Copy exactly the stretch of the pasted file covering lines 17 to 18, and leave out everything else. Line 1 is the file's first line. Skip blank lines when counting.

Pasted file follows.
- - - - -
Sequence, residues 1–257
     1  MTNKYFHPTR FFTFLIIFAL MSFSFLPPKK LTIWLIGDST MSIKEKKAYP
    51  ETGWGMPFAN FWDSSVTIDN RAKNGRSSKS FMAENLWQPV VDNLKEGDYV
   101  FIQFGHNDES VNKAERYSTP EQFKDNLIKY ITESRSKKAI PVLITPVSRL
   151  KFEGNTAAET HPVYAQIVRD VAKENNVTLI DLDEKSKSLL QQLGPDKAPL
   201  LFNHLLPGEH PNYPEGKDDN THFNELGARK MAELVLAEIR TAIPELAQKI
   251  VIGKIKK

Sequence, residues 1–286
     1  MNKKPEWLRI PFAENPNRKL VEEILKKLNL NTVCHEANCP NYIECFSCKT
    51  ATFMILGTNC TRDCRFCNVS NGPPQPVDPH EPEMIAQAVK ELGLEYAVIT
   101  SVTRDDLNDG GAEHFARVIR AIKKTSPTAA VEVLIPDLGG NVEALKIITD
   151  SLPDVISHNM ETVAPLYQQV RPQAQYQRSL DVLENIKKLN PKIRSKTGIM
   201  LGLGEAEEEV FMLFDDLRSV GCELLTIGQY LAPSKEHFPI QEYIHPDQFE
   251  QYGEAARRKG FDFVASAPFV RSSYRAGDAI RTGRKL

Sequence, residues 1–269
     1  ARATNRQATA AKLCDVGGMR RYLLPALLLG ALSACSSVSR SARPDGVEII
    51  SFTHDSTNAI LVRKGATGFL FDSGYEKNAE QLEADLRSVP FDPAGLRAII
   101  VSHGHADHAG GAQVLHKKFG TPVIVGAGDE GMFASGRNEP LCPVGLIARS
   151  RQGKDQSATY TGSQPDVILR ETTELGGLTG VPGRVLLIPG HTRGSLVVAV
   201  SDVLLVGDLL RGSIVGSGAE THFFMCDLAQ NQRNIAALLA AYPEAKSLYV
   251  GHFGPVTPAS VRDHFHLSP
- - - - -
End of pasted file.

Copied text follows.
    51  SFTHDSTNAI LVRKGATGFL FDSGYEKNAE QLEADLRSVP FDPAGLRAII
   101  VSHGHADHAG GAQVLHKKFG TPVIVGAGDE GMFASGRNEP LCPVGLIARS